Strategy: Does it support overall company strategy? What about product goals and other KPIs? Evaluate how aligned you think it is with business needs.
Effort: What resources are needed? There are real costs to whatever you pursue. Think about this one holistically — there is more to launching a feature than engineering. Consider design and UX, marketing, and other groups that may need to weigh in, such as legal.
Confidence: What is the level of confidence in each score above? Give your best assessment, knowing it may change over time as you learn new information.
The challenge with assessing the effort to deliver something new is that it is hard to gauge the work until the item is fully defined. It also takes both product and engineering teams to work closely together. This is why we suggest updating the effort metric at least twice and then reviewing what it actually took when the work is fully complete.
You should consider using three checkpoints:
Initial value estimate: Early in the idea management process when the concept is raw and not refined
Detailed value estimate: After the effort has been further vetted during roadmap and scoping
Value analysis: What was actually achieved once it is in production and customers use it
It is also important to point out that you want to weight the different metrics based on your business, the product, and how important each one is to you. For example, you might have a well-established consumer entertainment application. In that scenario the alignment and population metrics might be much more important than need and urgency. For early-stage products with small customer bases, need and urgency might be the most important.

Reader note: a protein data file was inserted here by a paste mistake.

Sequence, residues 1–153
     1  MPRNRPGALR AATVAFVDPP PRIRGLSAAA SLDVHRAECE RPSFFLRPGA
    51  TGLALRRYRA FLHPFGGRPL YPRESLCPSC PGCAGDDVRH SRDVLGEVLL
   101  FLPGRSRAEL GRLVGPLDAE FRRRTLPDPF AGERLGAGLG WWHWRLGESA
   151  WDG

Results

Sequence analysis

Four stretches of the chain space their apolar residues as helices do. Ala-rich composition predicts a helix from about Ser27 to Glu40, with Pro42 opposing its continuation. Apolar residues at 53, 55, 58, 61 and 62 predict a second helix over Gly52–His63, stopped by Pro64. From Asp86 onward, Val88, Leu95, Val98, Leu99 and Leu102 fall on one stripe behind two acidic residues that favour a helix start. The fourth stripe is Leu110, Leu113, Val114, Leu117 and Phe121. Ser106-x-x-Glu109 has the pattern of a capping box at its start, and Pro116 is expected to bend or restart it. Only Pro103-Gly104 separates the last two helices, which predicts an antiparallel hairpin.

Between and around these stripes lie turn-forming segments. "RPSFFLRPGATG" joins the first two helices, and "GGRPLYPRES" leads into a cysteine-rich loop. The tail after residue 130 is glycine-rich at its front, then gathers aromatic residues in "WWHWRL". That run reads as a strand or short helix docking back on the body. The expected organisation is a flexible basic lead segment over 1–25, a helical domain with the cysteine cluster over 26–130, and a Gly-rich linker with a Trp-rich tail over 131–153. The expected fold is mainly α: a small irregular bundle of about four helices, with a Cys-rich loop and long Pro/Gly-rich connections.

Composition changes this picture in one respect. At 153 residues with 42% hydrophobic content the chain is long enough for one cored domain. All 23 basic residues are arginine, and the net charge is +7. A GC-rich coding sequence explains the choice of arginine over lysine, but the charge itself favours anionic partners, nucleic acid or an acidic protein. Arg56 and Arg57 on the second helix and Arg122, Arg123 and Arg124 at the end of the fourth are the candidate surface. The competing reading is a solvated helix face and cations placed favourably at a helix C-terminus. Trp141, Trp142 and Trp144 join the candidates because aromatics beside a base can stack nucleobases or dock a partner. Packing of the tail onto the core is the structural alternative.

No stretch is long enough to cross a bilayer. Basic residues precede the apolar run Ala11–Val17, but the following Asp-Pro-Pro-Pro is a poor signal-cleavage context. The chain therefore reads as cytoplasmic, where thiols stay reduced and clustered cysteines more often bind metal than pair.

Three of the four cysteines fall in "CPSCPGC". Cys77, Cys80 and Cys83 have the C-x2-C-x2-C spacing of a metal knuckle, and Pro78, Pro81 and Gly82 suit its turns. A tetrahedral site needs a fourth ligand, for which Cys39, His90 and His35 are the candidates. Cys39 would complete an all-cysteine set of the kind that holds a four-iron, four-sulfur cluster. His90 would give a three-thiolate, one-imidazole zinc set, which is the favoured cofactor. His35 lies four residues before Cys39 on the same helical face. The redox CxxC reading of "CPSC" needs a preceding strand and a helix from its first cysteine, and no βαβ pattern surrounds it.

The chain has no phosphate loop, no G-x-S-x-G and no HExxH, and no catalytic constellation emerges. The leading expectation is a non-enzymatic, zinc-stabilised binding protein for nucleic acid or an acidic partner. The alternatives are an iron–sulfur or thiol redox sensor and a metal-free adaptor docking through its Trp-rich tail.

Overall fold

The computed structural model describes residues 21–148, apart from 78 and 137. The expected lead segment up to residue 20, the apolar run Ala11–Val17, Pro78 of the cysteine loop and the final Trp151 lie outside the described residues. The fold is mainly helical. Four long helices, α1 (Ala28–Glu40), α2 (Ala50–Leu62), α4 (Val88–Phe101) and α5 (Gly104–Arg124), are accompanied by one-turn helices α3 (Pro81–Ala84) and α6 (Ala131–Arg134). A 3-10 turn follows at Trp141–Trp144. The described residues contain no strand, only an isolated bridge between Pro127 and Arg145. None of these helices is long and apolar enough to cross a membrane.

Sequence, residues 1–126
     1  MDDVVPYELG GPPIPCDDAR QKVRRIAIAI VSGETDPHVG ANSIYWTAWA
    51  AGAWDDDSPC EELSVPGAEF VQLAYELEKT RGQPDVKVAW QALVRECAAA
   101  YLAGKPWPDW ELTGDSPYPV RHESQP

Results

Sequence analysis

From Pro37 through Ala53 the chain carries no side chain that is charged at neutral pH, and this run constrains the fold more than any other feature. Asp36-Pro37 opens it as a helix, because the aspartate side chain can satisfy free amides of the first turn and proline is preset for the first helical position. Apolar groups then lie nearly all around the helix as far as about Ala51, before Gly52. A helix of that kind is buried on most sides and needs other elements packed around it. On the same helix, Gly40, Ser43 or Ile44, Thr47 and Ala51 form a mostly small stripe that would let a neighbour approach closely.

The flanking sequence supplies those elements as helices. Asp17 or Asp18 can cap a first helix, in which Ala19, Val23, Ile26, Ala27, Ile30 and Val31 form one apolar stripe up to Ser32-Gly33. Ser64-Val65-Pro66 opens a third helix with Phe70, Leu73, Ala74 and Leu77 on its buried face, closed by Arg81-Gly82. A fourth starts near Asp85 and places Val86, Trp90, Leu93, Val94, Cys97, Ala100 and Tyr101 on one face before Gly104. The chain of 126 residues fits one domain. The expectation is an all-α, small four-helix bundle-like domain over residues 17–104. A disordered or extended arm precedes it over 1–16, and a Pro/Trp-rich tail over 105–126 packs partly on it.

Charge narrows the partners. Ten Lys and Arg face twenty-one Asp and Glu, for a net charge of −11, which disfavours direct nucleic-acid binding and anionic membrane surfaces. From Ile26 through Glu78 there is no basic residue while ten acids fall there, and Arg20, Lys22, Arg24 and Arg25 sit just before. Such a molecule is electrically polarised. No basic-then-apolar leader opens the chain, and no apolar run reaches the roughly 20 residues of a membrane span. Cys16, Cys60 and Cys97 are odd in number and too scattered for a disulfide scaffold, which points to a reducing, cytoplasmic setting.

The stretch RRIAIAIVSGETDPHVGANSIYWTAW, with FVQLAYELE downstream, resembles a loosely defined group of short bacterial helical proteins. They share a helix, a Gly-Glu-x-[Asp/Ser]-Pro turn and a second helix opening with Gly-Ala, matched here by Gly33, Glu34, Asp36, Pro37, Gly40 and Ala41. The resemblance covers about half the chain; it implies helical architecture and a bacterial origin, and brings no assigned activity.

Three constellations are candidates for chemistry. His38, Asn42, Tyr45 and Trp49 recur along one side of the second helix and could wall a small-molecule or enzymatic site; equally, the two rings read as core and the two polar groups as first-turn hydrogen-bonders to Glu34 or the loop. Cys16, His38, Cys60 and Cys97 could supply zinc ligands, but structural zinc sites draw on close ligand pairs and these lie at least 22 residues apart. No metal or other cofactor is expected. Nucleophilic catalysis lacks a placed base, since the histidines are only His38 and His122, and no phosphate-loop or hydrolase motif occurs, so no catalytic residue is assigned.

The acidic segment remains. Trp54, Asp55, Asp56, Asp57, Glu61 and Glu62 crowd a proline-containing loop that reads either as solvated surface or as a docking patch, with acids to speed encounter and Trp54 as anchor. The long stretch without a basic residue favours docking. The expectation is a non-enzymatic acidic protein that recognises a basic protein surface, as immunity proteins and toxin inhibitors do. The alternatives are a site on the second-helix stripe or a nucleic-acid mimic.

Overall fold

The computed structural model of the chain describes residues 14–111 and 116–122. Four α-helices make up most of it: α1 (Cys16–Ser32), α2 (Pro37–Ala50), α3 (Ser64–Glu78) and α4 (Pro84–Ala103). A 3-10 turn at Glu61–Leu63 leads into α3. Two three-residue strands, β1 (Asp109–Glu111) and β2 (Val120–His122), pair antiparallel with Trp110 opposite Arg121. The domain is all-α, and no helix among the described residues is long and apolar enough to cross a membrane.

Realize the benefits
When you take a disciplined approach to estimating value, everyone is accountable for the result. Value becomes explicit — something tangible and testable. The team is forced to make substantive assessments and take ownership for the impact of what is built.
Success: Identify the best opportunities to build what will actually deliver value.
Discipline: Follow a standard methodology that all teams can leverage.
Transparency: Build clarity into the prioritization process (avoid answering to who yells loudest or one-off sales requests).
Accountability: The team is responsible for making the right tradeoffs and reporting on actual impact.
Learning: Understand the decision-making process and improve your ability to assess over time.
There is another critical component to value-based product development — value must be tracked in all of the tools that the team uses to manage and deliver work. If the thread unravels at any stage, the process is compromised.
Of course, value is not static. Organizations change, markets shift, products mature, and customer preferences will evolve. But if you can focus on optimizing the product development engine to reflect the most current value exchange — from release to release — the team will tune into what will drive more of it forward. Decisions are grounded in reality and the value you defined gets measured within the context of a product in motion.
There is no doubt that product development teams will increasingly be accountable for assessing the value of new concepts, prioritizing what is most important, and reporting back on the positive impact their hard work had. Value-based product development will be the key to focusing on achievement and not just activity.
How does your product team quantify value?